Grover lit his filter less cigarette and then handed it to Ernie.

“Quite the quandary.”

“Quite the what?” Grover said with a raised eyebrow. “Speak ‘merican man, we are in ‘Merica.”

“We can still hit them. I say we bury our little present for them, make them come to us, and get a little payback. We can still find out what they are looking for later.”

“You think they will hang around after we hit them?”

“We don’t have enough bullets to take them all out but we have enough to make us feel better.” Ernie said laughing. “They brought a crane and more folks up here. They ain’t going anywhere. Let’s have some fun.”


It took over an hour to bury the canister in a way that the gravel road did not look like it had been tampered with. Ernie was very pleased with his handy work as was Grover. Ernie had explained to Grover that the device needed to be on the gradual turn so that when the soldiers drove their vehicle along the road, even if there was something for them to see, it would be harder for them to notice it with it being on the turn rather than being on the straight stretch. After burying the device, Grover had found a slight rise in the ground that he hid behind and waited patiently. Ernie slipped back through the wooded area until he reached the edge of the tree line. The crane had begun raising its boom as if it was getting ready to work. He fought the urge to wait and see what the crane operator was going to pull from the depths of what was left of Murray Lake. But, he had promised Ernie action and he knew that no matter what happened in the next minutes the soldiers would still be working to retrieve whatever was in the now empty lake.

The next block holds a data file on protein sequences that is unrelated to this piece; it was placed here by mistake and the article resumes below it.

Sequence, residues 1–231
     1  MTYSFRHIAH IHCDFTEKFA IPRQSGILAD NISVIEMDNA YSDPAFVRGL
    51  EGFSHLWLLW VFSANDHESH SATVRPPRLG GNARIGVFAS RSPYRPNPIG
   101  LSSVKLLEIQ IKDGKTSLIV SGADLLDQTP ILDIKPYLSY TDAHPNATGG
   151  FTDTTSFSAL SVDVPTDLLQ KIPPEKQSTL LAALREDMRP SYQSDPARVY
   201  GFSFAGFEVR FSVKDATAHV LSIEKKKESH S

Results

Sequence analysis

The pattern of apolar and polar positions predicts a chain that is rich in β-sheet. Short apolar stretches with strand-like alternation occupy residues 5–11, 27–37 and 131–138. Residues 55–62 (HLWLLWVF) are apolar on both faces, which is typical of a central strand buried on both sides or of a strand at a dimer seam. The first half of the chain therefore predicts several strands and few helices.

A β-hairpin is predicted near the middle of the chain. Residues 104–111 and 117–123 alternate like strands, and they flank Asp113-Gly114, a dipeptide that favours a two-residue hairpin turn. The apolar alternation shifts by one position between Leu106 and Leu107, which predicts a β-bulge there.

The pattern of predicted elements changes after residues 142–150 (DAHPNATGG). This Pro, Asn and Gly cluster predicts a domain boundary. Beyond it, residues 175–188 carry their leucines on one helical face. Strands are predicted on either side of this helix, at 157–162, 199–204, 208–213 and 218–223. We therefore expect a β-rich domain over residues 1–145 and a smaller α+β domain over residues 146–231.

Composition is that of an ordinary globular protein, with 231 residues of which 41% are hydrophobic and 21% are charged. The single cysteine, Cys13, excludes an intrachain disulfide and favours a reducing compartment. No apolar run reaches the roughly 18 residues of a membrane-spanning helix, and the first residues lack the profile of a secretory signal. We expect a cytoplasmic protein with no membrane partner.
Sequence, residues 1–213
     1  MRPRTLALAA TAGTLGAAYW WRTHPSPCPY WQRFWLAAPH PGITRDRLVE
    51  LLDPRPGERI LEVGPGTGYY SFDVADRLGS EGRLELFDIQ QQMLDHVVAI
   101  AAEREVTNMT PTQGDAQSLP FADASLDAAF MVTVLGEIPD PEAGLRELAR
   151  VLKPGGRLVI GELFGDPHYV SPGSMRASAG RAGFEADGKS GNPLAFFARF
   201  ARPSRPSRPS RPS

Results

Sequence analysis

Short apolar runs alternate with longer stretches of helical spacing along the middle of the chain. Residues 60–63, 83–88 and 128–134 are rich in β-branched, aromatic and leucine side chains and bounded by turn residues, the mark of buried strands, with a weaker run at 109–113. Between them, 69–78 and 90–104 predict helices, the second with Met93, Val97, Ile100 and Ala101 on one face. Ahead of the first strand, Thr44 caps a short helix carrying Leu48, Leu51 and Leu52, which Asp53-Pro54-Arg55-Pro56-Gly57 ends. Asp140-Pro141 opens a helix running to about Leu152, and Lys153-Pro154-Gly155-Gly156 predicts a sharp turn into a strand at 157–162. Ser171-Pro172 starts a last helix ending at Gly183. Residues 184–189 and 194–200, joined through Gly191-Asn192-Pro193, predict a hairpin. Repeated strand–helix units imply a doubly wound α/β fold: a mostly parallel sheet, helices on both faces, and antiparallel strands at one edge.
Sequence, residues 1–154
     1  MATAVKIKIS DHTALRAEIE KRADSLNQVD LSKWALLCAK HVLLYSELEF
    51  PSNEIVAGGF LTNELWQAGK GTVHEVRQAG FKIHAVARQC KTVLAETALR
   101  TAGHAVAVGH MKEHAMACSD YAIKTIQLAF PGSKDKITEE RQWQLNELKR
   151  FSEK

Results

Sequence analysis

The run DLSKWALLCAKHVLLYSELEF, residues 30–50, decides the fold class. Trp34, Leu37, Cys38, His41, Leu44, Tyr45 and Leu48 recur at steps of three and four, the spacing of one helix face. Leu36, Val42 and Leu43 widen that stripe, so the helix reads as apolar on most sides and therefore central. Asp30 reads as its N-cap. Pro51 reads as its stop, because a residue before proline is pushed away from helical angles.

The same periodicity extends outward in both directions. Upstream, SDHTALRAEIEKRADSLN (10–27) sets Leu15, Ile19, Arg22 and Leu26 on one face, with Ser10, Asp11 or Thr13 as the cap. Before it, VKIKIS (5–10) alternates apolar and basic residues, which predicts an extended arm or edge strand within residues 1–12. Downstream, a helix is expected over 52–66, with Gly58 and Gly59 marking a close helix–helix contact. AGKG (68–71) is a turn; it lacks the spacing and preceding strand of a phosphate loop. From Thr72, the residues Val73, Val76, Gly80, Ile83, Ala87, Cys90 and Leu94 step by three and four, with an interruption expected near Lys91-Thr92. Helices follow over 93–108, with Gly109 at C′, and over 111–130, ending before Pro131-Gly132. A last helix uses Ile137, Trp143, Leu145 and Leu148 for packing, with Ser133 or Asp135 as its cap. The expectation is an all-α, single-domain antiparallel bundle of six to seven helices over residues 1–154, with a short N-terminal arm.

Ernie raised his rifle and took aim through his scope. He found the soldier with the skull and cross bones bandana walking the perimeter of the vehicles. Slowly he took a breath in, let out half a breath and squeezed the trigger sending the hot lead from the barrel, screaming across the open field, over the dead grass, over the now empty lake, past the cable of the crane and into the exposed neck of the soldier before he could hear the shot. Immediately Ernie chambered another round and placed his cross hairs onto a soldier standing next to the man that was now flopping on the ground and squeezed off another shot. This time the bullet slammed into the soldiers shoulder, destroying bone and muscle, sending him backwards.